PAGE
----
Fast Company has a great blog today about the US Air/America West merger and the million-plus resulting screwed up reservations.
US Air attempted to do damage control by sending out a form letter (which you can read at the FC site), essentially the story a big computerized mess. As the FC blogger points out, the letter, ostensibly written by the VP of Sales and Marketing (or his assistant) is filled with street-casual language (as opposed to business-casual) that undermines the author's credibility. I'm all for casual language - in context. When you know your demographic will respond to it, for example. I'm guessing US Air's business traveler demographic did not appreciate the attempt at hipness.
There are two other glaring problems with the non-apology:
1) the letter focuses on what US Air has had to endure ("woe is us"), rather than focusing on the customer (apologies without excuses would be nice) and the solution - which is given, sort of, in the kind of language you have to read five times prior to understanding. We get that employees at these airlines have had a hellish time with the transition. That's irrelevant to how it affects the consumer.
2) the letter is entirely too long. If I'm a US Air (or America West) customer, and I'm already pissed off that my reservation has been lost in cyberspace, the last thing I want to do is spend 15 minutes reading a defensive rant about difficult - and admittedly outdated - technology.
Who knows? Maybe the guy's already been fired over this computer systems problem, and he doesn't care.
COMPARE THIS to an article in today's NY Times about the art of apologizing (also known as great customer service). The examples here are also stories, but concise ones, without getting defensive or whiny. Plus, most of the airlines - notably Southwest - take positive action to appease their customers...before they even get a complaint.
As a frequent flyer, which airline am I most likely to use, given these pieces of information?
Postscript: It sure is a day for airline stories. Just came across this one, courtesy of Tom Peters, about how British Airways handled not only the death of a passenger in-flight, but also the subsequent complaints (the answer to both: badly). In the extensive comments section of the Daily Mail article, respondents mostly berated the man who complained because he had to sit across the aisle from a corpse for six hours. Maybe that's a British thing. What appalled me was the response of the British Airways customer service rep: "Get over it."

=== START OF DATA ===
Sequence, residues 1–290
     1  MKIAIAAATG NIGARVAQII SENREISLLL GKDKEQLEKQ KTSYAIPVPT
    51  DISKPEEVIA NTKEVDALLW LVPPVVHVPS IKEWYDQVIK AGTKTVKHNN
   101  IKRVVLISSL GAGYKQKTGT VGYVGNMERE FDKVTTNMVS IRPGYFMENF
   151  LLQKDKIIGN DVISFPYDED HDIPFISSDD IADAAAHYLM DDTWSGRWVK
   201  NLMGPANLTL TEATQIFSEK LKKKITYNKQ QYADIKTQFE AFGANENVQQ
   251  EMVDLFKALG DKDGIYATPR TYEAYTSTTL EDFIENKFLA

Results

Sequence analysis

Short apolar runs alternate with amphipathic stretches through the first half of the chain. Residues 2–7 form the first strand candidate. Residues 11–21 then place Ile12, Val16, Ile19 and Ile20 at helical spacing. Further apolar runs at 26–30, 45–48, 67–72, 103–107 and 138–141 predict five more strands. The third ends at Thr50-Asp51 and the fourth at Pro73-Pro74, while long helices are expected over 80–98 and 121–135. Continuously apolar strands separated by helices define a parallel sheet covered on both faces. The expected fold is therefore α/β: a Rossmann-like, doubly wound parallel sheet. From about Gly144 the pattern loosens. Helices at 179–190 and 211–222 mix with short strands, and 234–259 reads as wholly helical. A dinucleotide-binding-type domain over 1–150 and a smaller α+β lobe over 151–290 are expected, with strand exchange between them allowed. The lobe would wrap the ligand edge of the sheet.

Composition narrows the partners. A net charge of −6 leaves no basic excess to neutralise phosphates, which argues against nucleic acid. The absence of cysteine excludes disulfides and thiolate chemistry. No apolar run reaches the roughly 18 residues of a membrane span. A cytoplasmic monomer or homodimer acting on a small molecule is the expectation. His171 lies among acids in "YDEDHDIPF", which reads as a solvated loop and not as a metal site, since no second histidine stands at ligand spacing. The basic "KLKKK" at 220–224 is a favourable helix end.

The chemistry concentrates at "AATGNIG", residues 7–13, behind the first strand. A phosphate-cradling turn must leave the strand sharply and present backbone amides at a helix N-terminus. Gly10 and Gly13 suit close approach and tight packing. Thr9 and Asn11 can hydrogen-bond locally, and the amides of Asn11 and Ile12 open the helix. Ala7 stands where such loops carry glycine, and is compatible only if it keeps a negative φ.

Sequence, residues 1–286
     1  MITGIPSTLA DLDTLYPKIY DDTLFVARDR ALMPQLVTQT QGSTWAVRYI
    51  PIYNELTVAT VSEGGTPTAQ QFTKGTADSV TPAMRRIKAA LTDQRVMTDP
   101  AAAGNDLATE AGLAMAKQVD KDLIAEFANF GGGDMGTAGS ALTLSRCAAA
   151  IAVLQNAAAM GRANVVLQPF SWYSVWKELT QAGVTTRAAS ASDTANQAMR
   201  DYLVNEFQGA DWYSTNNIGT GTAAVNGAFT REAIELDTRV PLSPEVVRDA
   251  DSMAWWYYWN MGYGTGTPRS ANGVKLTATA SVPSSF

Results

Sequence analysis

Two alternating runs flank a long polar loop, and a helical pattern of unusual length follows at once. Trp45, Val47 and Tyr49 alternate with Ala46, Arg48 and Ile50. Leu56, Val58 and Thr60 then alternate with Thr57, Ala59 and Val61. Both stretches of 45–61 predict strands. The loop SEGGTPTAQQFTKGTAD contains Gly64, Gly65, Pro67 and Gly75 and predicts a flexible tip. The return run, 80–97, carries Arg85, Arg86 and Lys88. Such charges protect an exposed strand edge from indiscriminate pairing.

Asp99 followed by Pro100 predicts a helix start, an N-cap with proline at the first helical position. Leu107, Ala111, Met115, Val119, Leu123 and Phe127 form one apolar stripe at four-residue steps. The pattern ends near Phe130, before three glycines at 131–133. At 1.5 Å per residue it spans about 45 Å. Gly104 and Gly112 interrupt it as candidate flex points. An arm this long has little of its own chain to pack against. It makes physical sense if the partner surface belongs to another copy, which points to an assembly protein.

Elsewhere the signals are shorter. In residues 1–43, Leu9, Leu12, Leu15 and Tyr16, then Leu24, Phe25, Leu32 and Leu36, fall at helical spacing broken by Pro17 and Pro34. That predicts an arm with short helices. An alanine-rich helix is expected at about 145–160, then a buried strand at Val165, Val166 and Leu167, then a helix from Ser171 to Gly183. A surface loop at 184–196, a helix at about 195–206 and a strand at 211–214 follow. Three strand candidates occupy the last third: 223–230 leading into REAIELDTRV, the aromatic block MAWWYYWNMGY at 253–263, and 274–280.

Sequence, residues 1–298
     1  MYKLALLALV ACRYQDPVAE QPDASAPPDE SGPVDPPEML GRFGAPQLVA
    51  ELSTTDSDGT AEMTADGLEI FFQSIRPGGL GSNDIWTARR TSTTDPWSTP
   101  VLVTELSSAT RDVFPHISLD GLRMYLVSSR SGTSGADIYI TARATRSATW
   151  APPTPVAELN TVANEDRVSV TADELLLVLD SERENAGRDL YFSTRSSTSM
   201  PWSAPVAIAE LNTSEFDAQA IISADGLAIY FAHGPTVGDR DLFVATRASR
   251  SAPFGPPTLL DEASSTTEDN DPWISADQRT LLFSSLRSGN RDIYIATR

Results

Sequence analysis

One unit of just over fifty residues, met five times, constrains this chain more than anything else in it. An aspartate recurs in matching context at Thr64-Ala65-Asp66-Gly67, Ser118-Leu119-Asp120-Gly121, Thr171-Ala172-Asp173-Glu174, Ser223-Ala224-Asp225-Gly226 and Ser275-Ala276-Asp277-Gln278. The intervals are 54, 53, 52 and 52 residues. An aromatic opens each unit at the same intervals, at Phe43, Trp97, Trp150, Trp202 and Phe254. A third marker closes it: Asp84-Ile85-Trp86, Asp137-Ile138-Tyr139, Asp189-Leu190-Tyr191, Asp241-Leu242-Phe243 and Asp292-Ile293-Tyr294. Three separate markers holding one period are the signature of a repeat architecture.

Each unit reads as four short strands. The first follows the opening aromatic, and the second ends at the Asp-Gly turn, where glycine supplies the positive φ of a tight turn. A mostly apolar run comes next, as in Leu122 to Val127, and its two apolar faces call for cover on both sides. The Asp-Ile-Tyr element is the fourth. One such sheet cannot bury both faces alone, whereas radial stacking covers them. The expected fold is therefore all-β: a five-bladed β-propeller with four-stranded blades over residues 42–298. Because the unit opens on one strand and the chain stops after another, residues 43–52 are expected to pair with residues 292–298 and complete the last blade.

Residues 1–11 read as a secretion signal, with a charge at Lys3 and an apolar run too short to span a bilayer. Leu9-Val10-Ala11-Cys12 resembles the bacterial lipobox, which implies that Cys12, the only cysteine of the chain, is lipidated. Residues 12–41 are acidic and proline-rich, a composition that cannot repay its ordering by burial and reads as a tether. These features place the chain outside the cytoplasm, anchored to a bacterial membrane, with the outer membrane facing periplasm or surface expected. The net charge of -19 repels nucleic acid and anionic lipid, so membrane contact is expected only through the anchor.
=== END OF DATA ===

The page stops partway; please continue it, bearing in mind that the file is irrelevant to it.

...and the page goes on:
Two things: If, as I think is true, overseas flights have crew rest areas, why wouldn't the crew have put the "expired" (their words, not mine) woman and her family there, where they would have real privacy, instead of placing the deceased - in the words of the complaining passenger - "like a sack of potatoes" in a first-class seat? (Note to self: least expensive way to upgrade...)
Second thing: I discovered that cruise ships have morgues. And coroners. Lots of people - not a high percentage, but some - die on cruises. Some go on cruises precisely because they know they're going to die, and they want to go out happy. When I took a trip with my elderly father in 2000, I had to research the grim details of what happens when someone dies at sea (and the ship's crew gave me the gory details on thing like people who want to die at sea). I'll save that for another time, but the point is... why wouldn't a plane designed for long-haul flights have a similar compartment?
It's 4:00. Let's see if we can make it another hour without yet another edit/addition to this post.